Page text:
RTI activists plan protestsin State capital next week
Exercise of right to information continues to face several hurdles though six years have passed since the Right to Information Act came into effect. Information is being denied on technical and specious grounds by government officials.
In the case of the Mullaperiyar issue, for example, both the Tamil Nadu and Kerala governments are refusing to part with information that the citizens concerned have every right to seek.
The Public Works Department of Tamil Nadu declined to provide documents regarding appropriation and allocation of funds for Mullaperiyar and alleged payments made from the funds to Keralites on the ground that the matter is sub judice.
The Office of the Chief Engineer (Inter-State Waters) of the Kerala government maintains that copies of affidavits and other documents submitted to the Supreme Court in the Mullaperiyar case cannot be provided since they come under the purview of “strategic interests of the State.”
It has invoked clauses under Section 8 of the Right to Information Act, which actually deals with disclosure of information that would prejudicially affect the sovereignty and integrity of India, the security, strategic, scientific, or economic interests of the State.
Applicants find it very difficult to deal with such arguments.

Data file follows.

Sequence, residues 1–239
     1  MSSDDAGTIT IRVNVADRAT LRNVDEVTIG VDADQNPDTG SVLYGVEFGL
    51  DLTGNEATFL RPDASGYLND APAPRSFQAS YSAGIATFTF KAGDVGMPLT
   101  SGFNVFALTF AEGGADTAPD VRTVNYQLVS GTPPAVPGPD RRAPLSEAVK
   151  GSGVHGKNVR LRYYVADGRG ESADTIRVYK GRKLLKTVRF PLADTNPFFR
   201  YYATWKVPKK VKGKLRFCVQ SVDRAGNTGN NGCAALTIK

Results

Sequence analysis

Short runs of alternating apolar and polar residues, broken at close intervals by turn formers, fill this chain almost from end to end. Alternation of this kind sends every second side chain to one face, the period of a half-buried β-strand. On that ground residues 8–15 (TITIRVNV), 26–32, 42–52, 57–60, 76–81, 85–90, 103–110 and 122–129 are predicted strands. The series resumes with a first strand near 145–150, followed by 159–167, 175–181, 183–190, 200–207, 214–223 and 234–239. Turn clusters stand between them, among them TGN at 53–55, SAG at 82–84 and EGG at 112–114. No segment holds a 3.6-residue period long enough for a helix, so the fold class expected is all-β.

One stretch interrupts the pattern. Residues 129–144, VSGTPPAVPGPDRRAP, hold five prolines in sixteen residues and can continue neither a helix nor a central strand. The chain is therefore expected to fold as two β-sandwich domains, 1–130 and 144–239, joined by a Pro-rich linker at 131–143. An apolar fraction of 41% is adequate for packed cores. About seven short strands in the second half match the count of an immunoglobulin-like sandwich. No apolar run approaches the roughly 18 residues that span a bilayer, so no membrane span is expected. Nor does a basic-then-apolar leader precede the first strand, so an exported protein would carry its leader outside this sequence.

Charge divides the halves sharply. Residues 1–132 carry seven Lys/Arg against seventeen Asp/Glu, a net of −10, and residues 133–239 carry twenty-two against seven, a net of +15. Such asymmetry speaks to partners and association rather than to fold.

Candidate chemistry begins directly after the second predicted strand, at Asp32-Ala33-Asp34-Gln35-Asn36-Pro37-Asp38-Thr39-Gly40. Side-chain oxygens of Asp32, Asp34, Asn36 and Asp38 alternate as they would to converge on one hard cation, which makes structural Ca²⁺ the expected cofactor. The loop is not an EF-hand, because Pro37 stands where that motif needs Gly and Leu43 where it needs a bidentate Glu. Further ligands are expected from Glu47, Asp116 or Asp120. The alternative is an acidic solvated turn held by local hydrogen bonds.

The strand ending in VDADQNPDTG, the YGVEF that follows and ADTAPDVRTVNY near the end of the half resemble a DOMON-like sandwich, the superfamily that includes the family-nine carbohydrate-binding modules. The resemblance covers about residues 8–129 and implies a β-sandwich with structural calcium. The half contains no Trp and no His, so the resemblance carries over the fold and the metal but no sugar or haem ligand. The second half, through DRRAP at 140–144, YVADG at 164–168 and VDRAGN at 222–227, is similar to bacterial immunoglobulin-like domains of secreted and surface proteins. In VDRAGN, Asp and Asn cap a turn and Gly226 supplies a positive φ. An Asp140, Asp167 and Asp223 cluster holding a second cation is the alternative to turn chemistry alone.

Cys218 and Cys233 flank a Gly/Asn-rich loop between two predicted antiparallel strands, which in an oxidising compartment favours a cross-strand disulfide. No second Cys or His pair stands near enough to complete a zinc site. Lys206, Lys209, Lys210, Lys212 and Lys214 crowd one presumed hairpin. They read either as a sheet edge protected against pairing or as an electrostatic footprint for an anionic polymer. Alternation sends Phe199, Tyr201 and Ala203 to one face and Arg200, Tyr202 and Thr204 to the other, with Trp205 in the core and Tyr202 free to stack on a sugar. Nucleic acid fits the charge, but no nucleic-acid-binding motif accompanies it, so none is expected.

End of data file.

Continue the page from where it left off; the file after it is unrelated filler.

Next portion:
The situation is compounded by ineffective functioning of the State information commission, which hears complaints about denial of information. The number of complaints and appeals pending before the State information commissioners are mounting. Several of their orders tend to weaken the application of provisions of the Act. Besides, a Supreme Court order last year restrained information commissions from ordering release of information on complaints.
An order for disclosure of information can now be made only on (second) appeals before the commission, which usually take months or even years for disposal.
The commission can take only penal action (in the form of fines) while considering complaints (about furnishing of incomplete, misleading or false information or absence of response to a request for information).
RTI activists, led by the RTI Kerala Federation, are planning protests here next week over weakening of the right to information. Its general secretary D.B. Binu said public trust in the Act and the information commissions formed under the Act had eroded.
The information commissioners adopted very lenient attitudes towards State public information officers who failed to provide the information.
This had led to official apathy and neglect towards requests for information under the Act.